Bad news: You just got your manuscript back from the editor, and your computer has collapsed in a fit of pique. Every time you open the document, Microsoft Word stalls out. The only thing still moving is your cursor, chasing its tail like an eternal puppy. How can you process your revisions if you can’t even scroll through the document to look at them?
First things first: Don’t blame Word—well, probably not. MS Word has earned its status as the industry standard editing tool for writers and editors for good reason. Its powerful features and collaborative tools for professional wordsmiths are unparalleled. But even so, Word has gained a reputation for being a bit quirky.
Word takes a lot of heat for choking on big documents when it’s really the user’s computer hardware at fault.
The good news is that this quirkiness shouldn’t affect your ability to work with an edited manuscript file. Word takes a lot of heat for choking on big documents when it’s really the user’s computer hardware at fault. The little laptop or older computer that’s served you so loyally for writing may not be able to keep up now that you’re showing and hiding tracked changes and formatting marks and forcing your system to repaginate on the fly.
It’s not uncommon for a manuscript edit to increase the file size of your document by double or more. You know how computer sales copy always claims the systems should work well unless you’re working with very large files such as spreadsheets or video? If your manuscript has been through an intensive edit, that’s exactly the kind of file you’re working with now.
Give your computer a hand
The first thing you should suspect when you notice your computer is crawling is actually thirteen things: 13 reasons your computer is slow. A lot of the browser-related problems won’t apply to your little puddle of manuscript, but you’re likely to get a significant boost in performance by tidying up these issues.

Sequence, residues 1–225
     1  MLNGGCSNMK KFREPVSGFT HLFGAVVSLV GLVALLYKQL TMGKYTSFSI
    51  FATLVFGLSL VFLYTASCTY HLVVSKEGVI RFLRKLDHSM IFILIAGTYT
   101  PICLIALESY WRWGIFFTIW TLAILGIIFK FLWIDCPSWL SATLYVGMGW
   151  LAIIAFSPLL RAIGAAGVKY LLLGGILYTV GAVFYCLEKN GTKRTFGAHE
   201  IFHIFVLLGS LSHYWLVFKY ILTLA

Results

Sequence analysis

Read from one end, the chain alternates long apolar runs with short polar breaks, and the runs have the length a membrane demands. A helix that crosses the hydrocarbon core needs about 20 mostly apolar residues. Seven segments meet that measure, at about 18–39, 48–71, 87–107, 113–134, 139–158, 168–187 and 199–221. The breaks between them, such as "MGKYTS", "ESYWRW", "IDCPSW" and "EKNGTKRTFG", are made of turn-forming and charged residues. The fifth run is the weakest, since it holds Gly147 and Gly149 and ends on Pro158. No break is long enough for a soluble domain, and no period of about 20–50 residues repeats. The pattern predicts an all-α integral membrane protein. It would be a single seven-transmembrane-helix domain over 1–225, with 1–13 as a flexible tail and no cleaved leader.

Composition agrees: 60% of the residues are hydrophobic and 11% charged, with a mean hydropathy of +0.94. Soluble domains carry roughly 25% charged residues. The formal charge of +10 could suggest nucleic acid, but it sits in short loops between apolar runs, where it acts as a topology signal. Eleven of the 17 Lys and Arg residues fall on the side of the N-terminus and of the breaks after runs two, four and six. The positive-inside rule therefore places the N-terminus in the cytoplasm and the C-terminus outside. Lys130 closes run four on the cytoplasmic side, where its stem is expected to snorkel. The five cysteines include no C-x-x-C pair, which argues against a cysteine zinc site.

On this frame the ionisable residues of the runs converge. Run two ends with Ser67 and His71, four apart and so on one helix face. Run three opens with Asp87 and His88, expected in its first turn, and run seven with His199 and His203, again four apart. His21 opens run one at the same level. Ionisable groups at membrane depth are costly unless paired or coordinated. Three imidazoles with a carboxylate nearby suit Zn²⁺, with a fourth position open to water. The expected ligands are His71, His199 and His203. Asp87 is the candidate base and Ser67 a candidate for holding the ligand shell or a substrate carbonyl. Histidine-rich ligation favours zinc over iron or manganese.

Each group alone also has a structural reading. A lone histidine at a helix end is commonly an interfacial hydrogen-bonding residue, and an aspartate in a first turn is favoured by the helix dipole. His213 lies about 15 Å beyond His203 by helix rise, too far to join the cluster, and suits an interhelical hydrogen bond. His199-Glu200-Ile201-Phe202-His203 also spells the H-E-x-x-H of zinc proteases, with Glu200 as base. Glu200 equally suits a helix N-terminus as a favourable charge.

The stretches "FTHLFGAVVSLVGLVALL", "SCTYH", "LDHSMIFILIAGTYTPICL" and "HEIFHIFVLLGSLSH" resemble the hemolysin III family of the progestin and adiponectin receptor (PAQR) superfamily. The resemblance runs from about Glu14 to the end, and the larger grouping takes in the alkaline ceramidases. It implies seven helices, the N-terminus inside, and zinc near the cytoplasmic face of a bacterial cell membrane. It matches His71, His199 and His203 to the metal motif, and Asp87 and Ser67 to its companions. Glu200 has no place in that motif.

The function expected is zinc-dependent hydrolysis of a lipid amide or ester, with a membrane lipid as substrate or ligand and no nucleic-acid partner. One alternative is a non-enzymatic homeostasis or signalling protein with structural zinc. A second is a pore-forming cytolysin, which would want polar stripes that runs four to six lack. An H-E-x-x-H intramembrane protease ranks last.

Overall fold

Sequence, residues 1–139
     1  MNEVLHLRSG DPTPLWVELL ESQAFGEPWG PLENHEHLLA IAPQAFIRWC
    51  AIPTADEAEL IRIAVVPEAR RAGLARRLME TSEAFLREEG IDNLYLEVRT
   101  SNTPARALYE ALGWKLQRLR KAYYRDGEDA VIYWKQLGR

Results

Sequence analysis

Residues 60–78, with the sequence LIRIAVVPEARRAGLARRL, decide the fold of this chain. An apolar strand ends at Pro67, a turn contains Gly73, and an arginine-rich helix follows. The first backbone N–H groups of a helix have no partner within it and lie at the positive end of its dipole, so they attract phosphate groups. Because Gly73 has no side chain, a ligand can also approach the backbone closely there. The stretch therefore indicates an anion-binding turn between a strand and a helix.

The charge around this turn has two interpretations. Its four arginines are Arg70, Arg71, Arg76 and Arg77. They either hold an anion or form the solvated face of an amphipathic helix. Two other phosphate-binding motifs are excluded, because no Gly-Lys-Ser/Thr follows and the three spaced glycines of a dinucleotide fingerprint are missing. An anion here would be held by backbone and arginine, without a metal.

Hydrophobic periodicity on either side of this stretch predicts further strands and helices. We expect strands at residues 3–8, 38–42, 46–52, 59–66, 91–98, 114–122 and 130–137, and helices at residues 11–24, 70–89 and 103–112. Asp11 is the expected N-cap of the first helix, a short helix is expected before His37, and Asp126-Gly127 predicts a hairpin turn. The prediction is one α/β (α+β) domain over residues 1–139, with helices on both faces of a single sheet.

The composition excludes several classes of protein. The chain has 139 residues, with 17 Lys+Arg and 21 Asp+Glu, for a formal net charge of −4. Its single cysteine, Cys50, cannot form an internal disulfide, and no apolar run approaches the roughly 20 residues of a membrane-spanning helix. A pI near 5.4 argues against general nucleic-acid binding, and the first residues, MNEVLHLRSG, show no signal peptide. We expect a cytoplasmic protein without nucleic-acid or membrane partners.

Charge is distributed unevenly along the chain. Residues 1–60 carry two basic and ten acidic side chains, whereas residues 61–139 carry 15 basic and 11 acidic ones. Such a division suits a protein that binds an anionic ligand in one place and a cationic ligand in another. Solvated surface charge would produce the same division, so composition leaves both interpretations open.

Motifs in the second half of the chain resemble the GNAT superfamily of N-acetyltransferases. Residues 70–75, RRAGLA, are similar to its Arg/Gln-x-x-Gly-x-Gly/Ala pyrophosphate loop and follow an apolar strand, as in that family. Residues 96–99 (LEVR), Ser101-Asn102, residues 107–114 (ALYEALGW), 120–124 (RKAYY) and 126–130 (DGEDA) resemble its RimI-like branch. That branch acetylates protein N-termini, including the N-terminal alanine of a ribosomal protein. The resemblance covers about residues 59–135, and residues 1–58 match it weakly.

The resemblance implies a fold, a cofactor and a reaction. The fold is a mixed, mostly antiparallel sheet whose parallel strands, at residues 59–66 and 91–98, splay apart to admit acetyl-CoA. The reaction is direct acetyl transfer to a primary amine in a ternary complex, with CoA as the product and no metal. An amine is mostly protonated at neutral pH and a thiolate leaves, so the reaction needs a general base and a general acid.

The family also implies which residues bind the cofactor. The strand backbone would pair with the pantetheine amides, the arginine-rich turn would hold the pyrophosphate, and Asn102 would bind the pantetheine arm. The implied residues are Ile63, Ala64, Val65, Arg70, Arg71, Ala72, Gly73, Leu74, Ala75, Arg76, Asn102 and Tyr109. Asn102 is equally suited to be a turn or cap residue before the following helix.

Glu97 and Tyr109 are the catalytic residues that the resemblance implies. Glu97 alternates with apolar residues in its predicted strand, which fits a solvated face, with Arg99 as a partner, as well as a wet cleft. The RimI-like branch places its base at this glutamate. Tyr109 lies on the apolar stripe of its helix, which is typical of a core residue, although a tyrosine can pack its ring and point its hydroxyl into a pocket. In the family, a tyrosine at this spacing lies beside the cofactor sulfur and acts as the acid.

If you’re serious about writing, 4GB of RAM isn’t going to get the job done.
Does your computer have enough working memory? If you’re serious about writing, 4GB of RAM isn’t going to get the job done. To handle a fat manuscript document file full of tracked changes, you’ll be more comfortable with 8GB of RAM. It’s a relatively affordable, straightforward upgrade that’s likely to be as simple as plugging in a new memory stick. Keep in mind that editing large documents doesn’t really fall into the realm of typical word processing tasks; consider your needs on the higher end when you’re deciding how much RAM you need.
What to do if Word is still “Not Responding”
So back to the moment of editing: You’re starting at that little cursor circle going round and round and round, and the message at the top of the screen has kindly informed you that Word is Not Reponding.
1. Turn off the Revisions pane. The Revisions pane is the devil, and it gobbles resources like souls. If it’s already showing on your screen (probably in a tall column on the left side, or possibly horizontally at the bottom of the screen), click the X on its top right corner. Poof—begone, foul Revisions Pane.
Instead, send comments to the balloons. On the Review tab just to the right of the big Track Changes button, click the second dropdown menu, Show Markup, and select Comments, Insertions and Deletions, and Formatting. Then go back and click the arrow on the Show Markup dropdown, scroll down to Balloons, and select Show Only Formatting and Comments in Balloons. It should look like this: